* * *

REASON #3

They represent the executive

 

The word of your chief of staff is as good as your CEO’s. “They know the way that the principal thinks,” Chiz says. “They know what’s important to the principal. They know what that person is trying to accomplish. They have access to that person’s schedule. They can make decisions with a high degree of autonomy on how the principal will use their time.”

This also prevents burnout—arguably the greatest threat to founders and CEOs. By acting as the CEO’s proxy and by gatekeeping irrelevant details, the CEO isn’t dealing with individual concerns from a large number of people; they are free to complete the tasks that do require their full focus.

Acting as a proxy also allows the chief of staff to keep a CEO’s ego in check. “They have to be really brave with the person that they’re working for, because they are the last line of defense between a leader and their own ego,” Chiz says.

By asking tough questions, the chief of staff helps bring big dreams down to an operationalizable scale. “I sometimes call myself the queen of the reality check,” Nina says. “And it doesn’t feel good all the time. But I often sit in meetings just poking holes in things.”

* * *

REASON #4

A great chief of staff forms part of your succession plan

 

Because they know so much about the organization and its optimization already, your chief of staff can occupy the runway for a leadership role that they’ll move into months or even years down the line: your own. “It’s an incredible position,” Chiz says. “The chief of staff basically gets to see the organization and the markets that you’re in from the same perspective as the CEO.”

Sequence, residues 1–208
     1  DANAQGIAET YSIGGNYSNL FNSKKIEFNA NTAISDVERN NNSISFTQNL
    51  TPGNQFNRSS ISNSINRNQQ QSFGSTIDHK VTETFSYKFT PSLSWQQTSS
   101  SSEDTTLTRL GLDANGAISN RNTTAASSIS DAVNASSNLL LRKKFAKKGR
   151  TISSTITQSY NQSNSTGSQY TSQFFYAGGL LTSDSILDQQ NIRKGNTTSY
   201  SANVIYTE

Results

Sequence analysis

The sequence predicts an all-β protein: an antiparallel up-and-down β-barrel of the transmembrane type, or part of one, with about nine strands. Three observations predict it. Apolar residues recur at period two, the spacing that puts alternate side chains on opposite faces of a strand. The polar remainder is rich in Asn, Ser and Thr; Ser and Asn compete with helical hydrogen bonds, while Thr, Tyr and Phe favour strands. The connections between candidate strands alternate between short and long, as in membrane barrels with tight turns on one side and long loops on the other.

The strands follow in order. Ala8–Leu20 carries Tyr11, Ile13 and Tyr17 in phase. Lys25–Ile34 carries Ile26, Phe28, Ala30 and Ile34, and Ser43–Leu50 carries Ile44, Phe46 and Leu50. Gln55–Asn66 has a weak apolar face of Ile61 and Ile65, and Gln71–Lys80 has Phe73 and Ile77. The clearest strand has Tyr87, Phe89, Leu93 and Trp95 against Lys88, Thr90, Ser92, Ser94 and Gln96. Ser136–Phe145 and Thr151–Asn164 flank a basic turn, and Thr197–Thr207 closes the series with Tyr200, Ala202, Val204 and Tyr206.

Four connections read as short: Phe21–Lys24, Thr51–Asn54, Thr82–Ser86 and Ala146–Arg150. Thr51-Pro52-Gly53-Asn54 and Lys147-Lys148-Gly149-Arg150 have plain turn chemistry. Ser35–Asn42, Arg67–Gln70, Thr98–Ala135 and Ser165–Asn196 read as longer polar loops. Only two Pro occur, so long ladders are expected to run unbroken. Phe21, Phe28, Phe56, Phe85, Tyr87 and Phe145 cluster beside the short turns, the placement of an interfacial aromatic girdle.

It’s almost like doing an internship for the role of CEO. And it stems from being able to see the leadership in everyone, and distribute that agency accordingly. “Once you know what people can do—sometimes better than they themselves know—then you can challenge them,” Nina says. “It comes from the noticing. It comes from hearing what people say to you. Whatever piece of this organization people are entrusted with, they’re the leader of that. They have to treat that like they’re the boss of their own company.”

 

The Swiss Army Knife of your organization

A chief of staff’s job isn’t an easy one to navigate, nor is it easy to define. But the beauty of the position is how “everywhere and everything” it is.

“I used to be envious of my son’s dad and other people who had a piece of paper that could tell them what they were,” Nina says. “He can go anywhere in the world and be an electrician. There’s something so clear and distinct about that. But the thing with being a chief of staff is that it’s so many things. And that is actually what I love about it. Because I’m not an electrician, or a teacher, or a board secretary. I am a chief of staff; I get to do all the things. HR, governance, vision crafting, writing communications, administration… I want to be in all those things. I’m a Swiss Army knife.”

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Five Tips For Showing Up As Your Finest Self

It takes practice to occupy the ground well.

Practice underpins our why. When people embed the tools and practices we teach, and commit to learning from their application, they make progress toward mastery of their conduct — a prerequisite to mentorship.